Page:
Vikings seeking to win the turnover advantage

Turnovers are an important part of the game that the Vikings have been losing in a majority of the games this season. Players and coaches weigh in on what they think needs to be done in order to win the turnover battle.

Turnovers can be a big momentum swing during a football game, and often the team that has the better turnover margin during the course of a game will often be the victors.

The Minnesota Vikings, so far, have not been on the right side of the turnover battle, totaling a minus-five margin for turnovers on the year. That ranks tied for 26th in the league, and leaves only four teams who have a worse turnover margin than them.

On the season, the Vikings have thrown nine interceptions and lost a fumble on offense. On defense, they have had five interceptions and have yet to record a fumble recovery.

“We got to make plays, man. Got to make turnovers in this league” said Vikings cornerback Captain Munnerlyn. “That’s how you win football games. When the defense can get the ball back to the offense, usually good things happen.”

Turnovers are not the only way for defenses to make big plays, though. They can also get sacks – the Vikings have 14 on the season – and they can break up passes, which the Vikings have done 22 times.

These types of plays, though still important, usually do not help a team out as much as creating a turnover.

“We just have to create turnovers, take the extra step,” Munnerlyn said. “Not just knocking the ball down, you know? Everybody wants to get the pass breakup, but what about interceptions? What about getting the offense back the ball with great field position? So we are definitely going to work on that this week and hopefully it carries into the game.”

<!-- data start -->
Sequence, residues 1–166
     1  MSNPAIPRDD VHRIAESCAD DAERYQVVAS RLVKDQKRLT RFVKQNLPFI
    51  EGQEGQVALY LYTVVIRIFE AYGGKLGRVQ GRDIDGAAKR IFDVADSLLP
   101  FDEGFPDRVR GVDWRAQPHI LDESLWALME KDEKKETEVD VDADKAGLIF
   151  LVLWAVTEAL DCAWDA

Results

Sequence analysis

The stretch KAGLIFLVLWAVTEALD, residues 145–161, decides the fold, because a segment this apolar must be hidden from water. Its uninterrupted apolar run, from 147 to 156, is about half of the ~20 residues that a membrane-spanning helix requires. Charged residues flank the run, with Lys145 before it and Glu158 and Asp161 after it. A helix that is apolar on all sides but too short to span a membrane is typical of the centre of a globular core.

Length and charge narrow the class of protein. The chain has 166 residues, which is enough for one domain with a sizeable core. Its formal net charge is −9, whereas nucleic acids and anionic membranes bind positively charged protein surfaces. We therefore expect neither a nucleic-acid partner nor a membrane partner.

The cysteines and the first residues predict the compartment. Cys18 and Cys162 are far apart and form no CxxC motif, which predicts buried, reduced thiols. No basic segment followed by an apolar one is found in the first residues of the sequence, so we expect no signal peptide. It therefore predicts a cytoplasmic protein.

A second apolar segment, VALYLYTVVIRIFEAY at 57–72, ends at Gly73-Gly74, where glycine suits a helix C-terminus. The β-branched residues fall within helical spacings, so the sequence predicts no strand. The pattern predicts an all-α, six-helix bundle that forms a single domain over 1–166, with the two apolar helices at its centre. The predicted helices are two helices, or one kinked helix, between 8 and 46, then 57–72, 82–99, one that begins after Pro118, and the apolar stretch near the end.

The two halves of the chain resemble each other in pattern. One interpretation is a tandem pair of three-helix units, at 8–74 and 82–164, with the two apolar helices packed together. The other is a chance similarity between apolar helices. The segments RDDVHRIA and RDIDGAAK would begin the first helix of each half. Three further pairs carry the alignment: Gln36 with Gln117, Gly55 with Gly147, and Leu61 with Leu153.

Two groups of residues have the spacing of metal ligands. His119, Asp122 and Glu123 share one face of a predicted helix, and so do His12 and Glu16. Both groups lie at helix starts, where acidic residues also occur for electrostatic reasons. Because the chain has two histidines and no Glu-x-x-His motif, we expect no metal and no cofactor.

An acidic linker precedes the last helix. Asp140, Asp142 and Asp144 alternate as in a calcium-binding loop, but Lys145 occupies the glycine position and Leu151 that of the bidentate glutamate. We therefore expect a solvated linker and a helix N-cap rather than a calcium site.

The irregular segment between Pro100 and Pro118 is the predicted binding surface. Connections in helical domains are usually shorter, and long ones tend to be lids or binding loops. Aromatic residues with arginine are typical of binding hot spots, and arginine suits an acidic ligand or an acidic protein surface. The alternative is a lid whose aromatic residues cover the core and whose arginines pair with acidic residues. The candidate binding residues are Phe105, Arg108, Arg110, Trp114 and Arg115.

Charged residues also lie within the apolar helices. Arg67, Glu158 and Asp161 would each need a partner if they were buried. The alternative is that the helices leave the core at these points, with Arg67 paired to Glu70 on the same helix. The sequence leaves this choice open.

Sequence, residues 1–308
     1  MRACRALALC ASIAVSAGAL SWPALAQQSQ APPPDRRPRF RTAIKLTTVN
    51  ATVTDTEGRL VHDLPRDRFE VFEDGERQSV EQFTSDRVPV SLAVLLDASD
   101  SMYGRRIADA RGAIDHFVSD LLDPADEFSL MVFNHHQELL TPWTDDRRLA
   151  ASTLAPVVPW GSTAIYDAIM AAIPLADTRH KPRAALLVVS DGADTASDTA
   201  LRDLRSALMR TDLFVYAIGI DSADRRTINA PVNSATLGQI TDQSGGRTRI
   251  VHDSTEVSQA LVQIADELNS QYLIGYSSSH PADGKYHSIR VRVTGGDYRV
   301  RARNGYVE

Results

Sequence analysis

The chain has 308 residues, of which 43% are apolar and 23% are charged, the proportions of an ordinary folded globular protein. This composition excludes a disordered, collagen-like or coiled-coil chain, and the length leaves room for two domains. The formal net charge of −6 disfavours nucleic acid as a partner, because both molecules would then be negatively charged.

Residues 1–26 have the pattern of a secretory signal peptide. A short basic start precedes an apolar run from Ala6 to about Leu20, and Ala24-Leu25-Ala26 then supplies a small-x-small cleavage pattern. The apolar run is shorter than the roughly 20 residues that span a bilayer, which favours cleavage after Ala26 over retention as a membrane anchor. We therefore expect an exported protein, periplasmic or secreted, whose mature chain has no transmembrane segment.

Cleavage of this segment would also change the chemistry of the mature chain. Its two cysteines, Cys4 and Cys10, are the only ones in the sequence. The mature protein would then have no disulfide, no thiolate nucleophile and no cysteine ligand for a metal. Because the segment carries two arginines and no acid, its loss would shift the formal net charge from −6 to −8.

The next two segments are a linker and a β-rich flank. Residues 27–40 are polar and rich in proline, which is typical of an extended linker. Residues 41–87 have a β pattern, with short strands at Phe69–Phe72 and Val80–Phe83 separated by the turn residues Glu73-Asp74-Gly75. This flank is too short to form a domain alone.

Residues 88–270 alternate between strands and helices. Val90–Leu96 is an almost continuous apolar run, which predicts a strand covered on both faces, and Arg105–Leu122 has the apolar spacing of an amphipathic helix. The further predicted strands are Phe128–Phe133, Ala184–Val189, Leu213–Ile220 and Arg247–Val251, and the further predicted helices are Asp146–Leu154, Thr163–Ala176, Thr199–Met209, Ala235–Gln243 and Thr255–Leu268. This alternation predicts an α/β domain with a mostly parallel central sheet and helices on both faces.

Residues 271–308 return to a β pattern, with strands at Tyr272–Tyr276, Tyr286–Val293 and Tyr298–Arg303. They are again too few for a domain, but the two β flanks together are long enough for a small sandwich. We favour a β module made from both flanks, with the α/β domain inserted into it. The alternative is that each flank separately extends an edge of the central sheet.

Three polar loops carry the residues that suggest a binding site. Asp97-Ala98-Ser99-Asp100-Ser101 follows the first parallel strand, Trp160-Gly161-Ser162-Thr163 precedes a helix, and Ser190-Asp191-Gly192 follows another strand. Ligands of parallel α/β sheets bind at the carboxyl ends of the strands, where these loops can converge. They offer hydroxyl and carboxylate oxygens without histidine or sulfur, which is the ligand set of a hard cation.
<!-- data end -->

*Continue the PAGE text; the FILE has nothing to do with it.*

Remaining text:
The problem with trying to focus more on creating turnovers is that you can leave teams susceptible to a big play. If a defender tries to jump a route and misses the ball, the receiver might not have anyone around to stop him. If a player tries to create a fumble by stripping the ball and the runner gets away, there might not be someone right by them to make the play.

“We feel like with everybody running to the ball, playing physical, tough defense, that we’ll get the ball out,” defensive coordinator George Edwards said. “That’s one thing we’re preaching is the first person secures the tackle then the next guy comes in. We’ve had a couple situations during the course of the year where guys have tried to tackle the ball as opposed to tackling a person. We miss the tackle and it ends up being a big play.”

Safety Harrison Smith, however, doesn’t believe it’s always a risky proposition to go for the turnover.

“I don’t think turnovers are about taking chances,” he said. “I think you do your job and get (the opposing team) into situations where they need to throw the ball, or you get a rush on them and create turnovers that way, or team tackling.”

“Maybe pop a ball out that wouldn’t have come out if the last guy didn’t get into the pile. It’s not going outside your job, not doing anything crazy, just doing your job, playing hard, and running to the ball.”

After two weeks in a row losing the turnover battle and having their only two wins come when they won the turnover battles, the Vikings need to get their turnover margin positive again.

“I’ve talked a lot about winning and losing and what causes you to win and what good teams do and what bad teams do,” head coach Mike Zimmer said. “The two games we’ve won we’ve had no turnovers and (one) sack. The (four) games we’ve lost we’ve had 10 turnovers and (21) sacks. It kind of tells you where it’s at right there.”

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